Samba security patch fixes critical remote code execution hole

A Samba vulnerability can be exploited by remote unauthenticated attackers to execute arbitrary code on affected systems

The developers of Samba, the open source software that enables file and print sharing between Linux, Windows and Mac OS X computers, released security patches on Tuesday to address a critical vulnerability that can be exploited by remote attackers to execute arbitrary code on systems where the Samba service is running.

The vulnerability is identified as CVE-2012-1182 and is located in Samba's code that handles the processing of remote procedure call (RPC) requests, particularly their translation into a Network Data Representation (NDR) format.

A client can send a specially crafted RPC call to a Samba server in order to exploit the vulnerability and execute unauthorized code with administrative privileges (root) on the system.

"As this does not require an authenticated connection it is the most serious vulnerability possible in a program, and users and vendors are encouraged to patch their Samba installations immediately," the Samba development team said in a security advisory.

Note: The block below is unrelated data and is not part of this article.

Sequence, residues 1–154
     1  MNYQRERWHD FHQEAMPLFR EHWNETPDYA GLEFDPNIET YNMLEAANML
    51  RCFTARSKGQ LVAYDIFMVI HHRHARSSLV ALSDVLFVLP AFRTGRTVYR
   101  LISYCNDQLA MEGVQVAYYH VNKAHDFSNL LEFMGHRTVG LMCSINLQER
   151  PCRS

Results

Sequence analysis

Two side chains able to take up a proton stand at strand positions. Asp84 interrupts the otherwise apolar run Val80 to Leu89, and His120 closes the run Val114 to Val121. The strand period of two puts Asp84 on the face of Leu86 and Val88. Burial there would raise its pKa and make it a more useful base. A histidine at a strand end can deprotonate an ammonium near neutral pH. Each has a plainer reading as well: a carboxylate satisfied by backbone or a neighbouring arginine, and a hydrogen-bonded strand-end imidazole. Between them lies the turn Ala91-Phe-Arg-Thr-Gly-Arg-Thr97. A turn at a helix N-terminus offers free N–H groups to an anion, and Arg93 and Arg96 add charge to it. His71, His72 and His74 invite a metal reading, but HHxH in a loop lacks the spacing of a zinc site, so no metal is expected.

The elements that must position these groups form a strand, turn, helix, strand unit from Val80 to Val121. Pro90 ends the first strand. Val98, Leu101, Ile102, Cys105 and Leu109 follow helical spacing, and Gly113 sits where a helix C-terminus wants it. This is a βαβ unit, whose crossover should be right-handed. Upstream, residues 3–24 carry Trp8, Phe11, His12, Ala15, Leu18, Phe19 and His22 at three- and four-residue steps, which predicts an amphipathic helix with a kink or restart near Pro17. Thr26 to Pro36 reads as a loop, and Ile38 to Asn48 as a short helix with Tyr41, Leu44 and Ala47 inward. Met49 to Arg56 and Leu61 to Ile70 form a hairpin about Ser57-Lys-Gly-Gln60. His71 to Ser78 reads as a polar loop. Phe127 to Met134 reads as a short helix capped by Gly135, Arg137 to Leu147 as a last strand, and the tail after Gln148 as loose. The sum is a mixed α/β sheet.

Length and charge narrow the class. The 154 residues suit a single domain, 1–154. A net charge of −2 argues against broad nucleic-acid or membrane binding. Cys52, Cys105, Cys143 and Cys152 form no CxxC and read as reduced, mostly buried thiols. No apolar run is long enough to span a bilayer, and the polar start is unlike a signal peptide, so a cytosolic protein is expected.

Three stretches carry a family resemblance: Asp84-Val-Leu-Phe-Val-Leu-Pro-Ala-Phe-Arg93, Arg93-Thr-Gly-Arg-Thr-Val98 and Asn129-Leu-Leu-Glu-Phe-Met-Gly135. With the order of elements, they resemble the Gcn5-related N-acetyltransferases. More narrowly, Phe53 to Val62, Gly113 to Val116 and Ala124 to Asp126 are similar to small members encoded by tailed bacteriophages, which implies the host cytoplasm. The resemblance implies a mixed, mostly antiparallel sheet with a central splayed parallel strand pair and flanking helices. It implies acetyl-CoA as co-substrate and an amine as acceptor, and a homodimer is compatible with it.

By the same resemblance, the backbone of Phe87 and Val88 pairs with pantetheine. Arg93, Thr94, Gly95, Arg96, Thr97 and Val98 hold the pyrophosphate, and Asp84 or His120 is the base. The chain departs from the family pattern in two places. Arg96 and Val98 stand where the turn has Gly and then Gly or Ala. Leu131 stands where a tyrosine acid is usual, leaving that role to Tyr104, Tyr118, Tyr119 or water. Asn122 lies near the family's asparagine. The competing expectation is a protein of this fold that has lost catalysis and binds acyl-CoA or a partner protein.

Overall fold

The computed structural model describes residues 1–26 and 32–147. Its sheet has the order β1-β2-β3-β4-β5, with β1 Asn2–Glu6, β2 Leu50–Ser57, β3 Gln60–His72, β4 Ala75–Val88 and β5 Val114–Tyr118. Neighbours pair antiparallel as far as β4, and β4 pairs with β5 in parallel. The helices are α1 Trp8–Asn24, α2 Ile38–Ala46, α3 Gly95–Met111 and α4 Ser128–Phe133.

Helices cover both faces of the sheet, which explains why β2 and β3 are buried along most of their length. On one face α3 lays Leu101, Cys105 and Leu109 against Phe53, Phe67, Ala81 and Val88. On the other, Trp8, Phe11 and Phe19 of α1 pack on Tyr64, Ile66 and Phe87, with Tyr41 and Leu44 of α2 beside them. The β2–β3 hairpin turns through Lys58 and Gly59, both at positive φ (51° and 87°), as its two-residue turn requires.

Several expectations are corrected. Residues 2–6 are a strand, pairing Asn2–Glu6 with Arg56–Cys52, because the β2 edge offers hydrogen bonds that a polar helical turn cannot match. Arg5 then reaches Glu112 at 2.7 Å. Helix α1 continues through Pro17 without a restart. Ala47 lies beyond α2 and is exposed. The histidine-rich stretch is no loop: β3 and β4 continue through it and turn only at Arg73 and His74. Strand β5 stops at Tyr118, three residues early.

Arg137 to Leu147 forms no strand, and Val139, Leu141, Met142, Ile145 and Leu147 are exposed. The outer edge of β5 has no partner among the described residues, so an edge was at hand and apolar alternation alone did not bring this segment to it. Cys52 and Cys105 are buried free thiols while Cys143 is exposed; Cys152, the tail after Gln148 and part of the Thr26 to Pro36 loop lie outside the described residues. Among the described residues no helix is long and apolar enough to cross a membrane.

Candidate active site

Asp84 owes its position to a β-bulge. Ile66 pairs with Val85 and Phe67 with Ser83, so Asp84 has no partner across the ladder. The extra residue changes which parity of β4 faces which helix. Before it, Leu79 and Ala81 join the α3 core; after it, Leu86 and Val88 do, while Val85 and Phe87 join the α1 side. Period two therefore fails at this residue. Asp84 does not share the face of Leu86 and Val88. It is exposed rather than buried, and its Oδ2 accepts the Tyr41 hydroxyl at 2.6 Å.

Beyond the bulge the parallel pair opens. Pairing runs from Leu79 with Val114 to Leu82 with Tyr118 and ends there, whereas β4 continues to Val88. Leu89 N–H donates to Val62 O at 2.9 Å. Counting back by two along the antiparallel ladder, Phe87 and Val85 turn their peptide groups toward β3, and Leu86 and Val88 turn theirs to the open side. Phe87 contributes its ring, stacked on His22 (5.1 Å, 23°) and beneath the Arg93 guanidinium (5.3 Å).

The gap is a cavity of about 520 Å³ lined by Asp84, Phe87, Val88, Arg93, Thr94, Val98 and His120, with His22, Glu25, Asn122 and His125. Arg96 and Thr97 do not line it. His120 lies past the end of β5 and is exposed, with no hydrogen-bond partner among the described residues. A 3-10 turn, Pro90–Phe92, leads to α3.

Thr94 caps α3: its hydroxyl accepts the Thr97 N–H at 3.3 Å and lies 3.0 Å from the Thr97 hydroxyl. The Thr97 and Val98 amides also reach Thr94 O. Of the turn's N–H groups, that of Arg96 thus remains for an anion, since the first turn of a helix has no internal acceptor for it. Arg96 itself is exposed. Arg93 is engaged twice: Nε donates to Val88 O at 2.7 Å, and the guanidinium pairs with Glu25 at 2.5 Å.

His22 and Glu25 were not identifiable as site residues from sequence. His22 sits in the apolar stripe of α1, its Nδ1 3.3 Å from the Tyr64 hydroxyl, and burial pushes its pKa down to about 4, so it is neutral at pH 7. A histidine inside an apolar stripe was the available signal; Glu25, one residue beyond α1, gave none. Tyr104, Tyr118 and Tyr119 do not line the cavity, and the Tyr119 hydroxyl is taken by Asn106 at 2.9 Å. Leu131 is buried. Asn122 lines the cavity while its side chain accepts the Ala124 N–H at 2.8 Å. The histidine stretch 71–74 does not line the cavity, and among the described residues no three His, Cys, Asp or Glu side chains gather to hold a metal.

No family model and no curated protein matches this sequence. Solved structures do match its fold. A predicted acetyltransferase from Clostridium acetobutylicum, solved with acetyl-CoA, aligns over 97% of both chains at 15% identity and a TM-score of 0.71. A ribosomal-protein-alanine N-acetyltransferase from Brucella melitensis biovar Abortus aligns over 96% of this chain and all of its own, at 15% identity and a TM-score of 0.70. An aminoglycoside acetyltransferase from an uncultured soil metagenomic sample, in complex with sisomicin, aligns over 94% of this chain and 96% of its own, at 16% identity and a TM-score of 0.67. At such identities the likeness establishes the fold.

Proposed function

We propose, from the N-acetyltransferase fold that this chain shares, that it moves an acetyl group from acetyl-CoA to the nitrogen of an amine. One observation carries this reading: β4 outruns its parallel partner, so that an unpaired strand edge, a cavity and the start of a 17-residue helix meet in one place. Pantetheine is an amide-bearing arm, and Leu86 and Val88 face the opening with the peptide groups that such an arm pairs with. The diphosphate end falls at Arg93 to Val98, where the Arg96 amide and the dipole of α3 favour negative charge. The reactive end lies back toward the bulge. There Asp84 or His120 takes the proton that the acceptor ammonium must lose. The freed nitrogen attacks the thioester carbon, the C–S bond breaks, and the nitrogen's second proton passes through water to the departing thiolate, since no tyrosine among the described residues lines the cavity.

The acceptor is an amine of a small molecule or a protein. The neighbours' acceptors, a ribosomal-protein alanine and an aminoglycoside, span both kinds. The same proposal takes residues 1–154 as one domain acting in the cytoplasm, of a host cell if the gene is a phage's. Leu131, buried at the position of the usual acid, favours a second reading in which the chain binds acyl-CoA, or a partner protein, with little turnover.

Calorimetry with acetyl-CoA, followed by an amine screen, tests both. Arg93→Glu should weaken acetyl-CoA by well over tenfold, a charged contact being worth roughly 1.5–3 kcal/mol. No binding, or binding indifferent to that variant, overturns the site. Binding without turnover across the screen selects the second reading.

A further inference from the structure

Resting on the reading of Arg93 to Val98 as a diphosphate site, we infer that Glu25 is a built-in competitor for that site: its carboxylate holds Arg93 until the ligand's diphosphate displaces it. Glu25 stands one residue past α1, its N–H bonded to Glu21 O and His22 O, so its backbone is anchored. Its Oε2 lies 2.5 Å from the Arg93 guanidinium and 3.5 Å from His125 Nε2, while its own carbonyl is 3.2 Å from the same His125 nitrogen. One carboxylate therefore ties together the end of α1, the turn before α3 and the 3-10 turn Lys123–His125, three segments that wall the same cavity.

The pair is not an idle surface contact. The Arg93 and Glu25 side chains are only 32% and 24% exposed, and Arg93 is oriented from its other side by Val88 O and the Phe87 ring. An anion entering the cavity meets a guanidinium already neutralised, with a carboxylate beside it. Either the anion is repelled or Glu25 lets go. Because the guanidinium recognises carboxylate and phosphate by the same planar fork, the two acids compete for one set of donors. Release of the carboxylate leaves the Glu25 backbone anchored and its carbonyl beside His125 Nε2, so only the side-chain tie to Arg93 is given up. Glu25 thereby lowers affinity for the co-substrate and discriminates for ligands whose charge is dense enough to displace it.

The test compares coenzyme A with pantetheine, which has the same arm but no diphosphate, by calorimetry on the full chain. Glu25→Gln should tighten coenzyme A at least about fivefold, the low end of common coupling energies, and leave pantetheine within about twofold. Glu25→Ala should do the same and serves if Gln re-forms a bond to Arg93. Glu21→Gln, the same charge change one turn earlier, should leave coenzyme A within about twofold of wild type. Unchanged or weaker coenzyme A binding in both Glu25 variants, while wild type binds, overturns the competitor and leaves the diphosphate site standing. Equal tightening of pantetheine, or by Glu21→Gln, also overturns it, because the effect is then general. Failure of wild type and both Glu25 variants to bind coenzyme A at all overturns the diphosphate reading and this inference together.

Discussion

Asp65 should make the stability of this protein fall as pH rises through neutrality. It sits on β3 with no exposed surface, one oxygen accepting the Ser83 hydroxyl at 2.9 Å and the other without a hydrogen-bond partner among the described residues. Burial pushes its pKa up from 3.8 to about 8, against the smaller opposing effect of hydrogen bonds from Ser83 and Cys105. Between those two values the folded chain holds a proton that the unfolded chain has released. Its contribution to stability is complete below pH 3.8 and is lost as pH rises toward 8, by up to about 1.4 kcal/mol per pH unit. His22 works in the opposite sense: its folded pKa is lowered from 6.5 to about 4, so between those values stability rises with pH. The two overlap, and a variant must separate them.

In order to mitigate the risks associated with this vulnerability, Samba administrators can either upgrade their installations to the newly released Samba 3.6.4, Samba 3.5.14 and 3.4.16 versions, depending on which branch they use, or manually apply patches to their installations without upgrading.

The vulnerability is very serious and this is also evident from the Samba development team's decision to release patches even for versions that are no longer officially supported, said Carsten Eiram, chief security specialist at vulnerability management firm Secunia.

Secunia rated the vulnerability as moderately critical because best use practices dictate that Samba services should only be accessible over local area networks. However, Samba can also be configured to work over the Internet and for cases like that, the vulnerability should be considered highly critical, Eiram said.

Samba comes installed by default on most Linux distributions, as well as on Apple's Mac OS X Server. It is also available for BSD, Solaris and other UNIX-like operating systems.

In addition to being commonly installed on many computers, Samba is also used in many UNIX-based devices like network printers or network storage devices, Eiram said.

This makes this vulnerability an attractive target for exploit writers, both for integration in commercial and free penetration testing tools like Metasploit, as well as for use in malicious attacks. "An unauthenticated code execution vulnerability in Samba is very interesting to create a working exploit for," Eiram said.

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